one of my electronic appliances has stopped working after several years of use, it is definitely beyond the warranty period however I've been unable to find any more recent appliances that beat it.

With this said, I have looked into repairing the device after repairing a previous one (thanks for those that helped with my previous question). The issue has been reported from various users of the appliance and a few seem to point to the safety capacitor being responsible.

Last time, I was advised to pick one like for like however there doesn't seem to be that much information on the capacitor itself and I am struggling to find the datasheet for the capacitor.

The capacitor

From my understanding the 0.68K means that it is 0.68uF +/- 10%. The voltage is 275V. I measured the outside of it (as it's still attached to the circuit board), it's 26mm(length)*9mm(width)*18mm(depth), height/width can be changed a little as there is space.

The only suitable replacement I have found isn't the right size (the others I have seen are +/-20%). ECQU2A684KLA

Would it be possible to add wires to the end of a capacitor to extend the pins so that it would match the holes for the pins on the circuit board? If so, what effect would this have? Would it reduce/increase the resistance?


  • \$\begingroup\$ Thanks for putting the question on hold however it's more about the learning aspect rather than repairing itself (I am not asking how to repair the device). I have edited it to make it clear I am asking whether it's appropriate to somehow extend the pins on a capacitor and whether I need any more information before replacing the capacitor. I am asking this due to the fact that it's a safety capacitor and with it being high voltage, I'd rather not try it with incorrect specifications or causing some sort of fire risk by attempting to extend the pins. \$\endgroup\$
    – Sam79
    Jan 18 '19 at 3:24
  • \$\begingroup\$ Putting wire leads on the end of anything will increase the resistance and inductance of the capacitor, if that is something that the circuit can handle, then do it. You'd need to know what kind of current is running through it to see if it is safe to do this. If this is on the AC mains line, it is most likely not safe as there are creapage and clearance requirements to prevent arcing \$\endgroup\$
    – Voltage Spike
    Jan 18 '19 at 16:33
  • \$\begingroup\$ Do you have a multimeter to test the capacitor with once you get it out of the circuit? \$\endgroup\$ Jan 19 '19 at 15:01

Looking at what little bit of the PCB you have in the picture this looks to be a part of a simple budget power supply like this:


simulate this circuit – Schematic created using CircuitLab

That's a very popular way of making a dirt cheap PSU for something which needs little current, or to bootstrap a larger SMPS. The safety caps often fail and then the whole device appears dead.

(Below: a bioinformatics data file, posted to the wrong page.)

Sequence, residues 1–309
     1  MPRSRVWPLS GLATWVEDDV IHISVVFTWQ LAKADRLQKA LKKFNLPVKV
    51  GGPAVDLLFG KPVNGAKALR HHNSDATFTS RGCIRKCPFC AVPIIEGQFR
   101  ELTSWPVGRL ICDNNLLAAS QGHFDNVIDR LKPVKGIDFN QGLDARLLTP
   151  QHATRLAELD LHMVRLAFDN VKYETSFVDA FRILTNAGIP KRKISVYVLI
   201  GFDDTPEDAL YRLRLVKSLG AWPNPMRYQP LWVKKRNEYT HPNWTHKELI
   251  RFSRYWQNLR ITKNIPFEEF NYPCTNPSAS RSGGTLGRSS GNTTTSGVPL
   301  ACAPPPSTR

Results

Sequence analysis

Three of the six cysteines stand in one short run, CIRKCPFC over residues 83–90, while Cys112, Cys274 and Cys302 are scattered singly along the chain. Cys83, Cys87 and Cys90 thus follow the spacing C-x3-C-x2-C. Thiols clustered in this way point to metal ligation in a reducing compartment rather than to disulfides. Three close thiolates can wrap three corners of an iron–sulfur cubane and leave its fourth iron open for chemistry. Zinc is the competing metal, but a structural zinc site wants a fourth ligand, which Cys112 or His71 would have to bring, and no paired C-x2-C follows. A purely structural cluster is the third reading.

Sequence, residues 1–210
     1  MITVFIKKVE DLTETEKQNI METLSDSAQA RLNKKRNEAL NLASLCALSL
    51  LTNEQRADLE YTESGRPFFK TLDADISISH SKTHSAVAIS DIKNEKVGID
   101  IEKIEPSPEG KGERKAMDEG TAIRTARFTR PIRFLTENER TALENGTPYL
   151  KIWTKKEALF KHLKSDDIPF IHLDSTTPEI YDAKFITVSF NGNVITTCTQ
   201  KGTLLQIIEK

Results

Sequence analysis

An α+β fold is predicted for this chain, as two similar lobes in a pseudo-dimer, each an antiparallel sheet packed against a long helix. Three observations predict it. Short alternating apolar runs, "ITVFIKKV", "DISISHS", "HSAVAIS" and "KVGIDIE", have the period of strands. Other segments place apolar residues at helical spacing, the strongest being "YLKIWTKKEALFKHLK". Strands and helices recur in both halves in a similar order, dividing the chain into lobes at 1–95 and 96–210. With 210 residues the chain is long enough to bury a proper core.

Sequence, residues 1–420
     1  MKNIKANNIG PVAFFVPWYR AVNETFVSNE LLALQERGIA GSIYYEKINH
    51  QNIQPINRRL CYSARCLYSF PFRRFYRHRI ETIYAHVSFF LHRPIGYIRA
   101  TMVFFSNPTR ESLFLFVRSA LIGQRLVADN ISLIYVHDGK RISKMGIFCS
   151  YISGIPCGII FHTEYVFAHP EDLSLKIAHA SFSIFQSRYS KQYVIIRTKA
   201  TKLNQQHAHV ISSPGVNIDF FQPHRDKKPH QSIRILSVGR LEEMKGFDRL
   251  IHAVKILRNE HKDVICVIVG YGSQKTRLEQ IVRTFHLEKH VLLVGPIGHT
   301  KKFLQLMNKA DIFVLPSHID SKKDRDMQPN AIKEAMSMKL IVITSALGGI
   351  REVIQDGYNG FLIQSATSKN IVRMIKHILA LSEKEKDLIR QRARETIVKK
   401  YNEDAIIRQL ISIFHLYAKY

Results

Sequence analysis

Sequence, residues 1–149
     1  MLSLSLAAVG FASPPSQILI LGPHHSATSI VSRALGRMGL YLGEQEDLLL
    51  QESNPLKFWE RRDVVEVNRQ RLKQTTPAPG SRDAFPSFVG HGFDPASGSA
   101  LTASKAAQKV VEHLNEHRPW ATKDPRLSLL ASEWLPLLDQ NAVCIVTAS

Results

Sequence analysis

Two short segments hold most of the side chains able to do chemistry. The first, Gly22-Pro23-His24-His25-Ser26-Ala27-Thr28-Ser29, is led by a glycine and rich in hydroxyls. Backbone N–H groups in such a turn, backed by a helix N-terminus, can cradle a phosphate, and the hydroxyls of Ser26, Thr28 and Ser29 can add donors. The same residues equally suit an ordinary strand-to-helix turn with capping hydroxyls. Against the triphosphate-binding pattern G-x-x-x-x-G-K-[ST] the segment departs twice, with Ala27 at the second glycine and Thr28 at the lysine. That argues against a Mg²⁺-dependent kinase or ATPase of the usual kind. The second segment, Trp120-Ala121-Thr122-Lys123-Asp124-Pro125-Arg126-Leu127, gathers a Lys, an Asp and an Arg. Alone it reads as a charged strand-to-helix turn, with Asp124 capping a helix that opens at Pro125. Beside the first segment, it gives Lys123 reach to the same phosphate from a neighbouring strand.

If that's the case the exact value of the capacitor isn't likely to be that critical, nor the length of the leads (you're dealing with low frequencies, and there's already plenty of resistance in series). Although, depending on how you extend them (bending them flat against the board at one end is popular), you'll want to be careful of making it easier to touch the live side.

You can also get axial X2 caps which might make it easier to fit your board, and you can always consider drilling a hole in the PCB for the lead if you don't compromise an insulation gap and the geometry of the tracks fits. But I'm surprised you can't find an exact fit - you don't give the lead pitch otherwise I'd find one.

-- edit --

your original capacitor's data is here


They give L=26.5, H=19, D=10 and pitch 22.5, given you referenced CPC I'm guessing you're in the UK, so an appropriate replacement would be RS 869-7431

which has L=25.5 D=10.5, H=19.5 and a pitch of 22.5 with a MOQ of 5.


  • \$\begingroup\$ Thanks for the help, it does seem to be a PSU from my understanding of the circuit board. Based on your answer I have decided to go for the safety capacitor you suggested as it seems like it would be a suitable replacement. I considered the option of extending the pins from the one I originally found however based on AnalogKid's answer mentioning it wouldn't be suited to high vibration environments I have decided not to go down this route. \$\endgroup\$
    – Sam79
    Jan 22 '19 at 23:25

The capacitor is a part of either an EMI filter or a very low power offline power supply. Either way, extending it above the pc board with short stiff wires will not affect its electrical performance. It will be significantly less rugged, so do not do this in a vibration environment. Can you post a wider image to show more of the surrounding components?

Also, where are you located? What you have is a box film capacitor with X2 rating. This is a common capacitor size and type, and broad line distributors such as Digi-Key almost certainly have an exact replacement. The lead spacing is an important dimension to limit the search.

DK has 15 different models in stock. From your photo it looks like height is not a problem. Start with accurate L, W, and spacing dimensions in mm.



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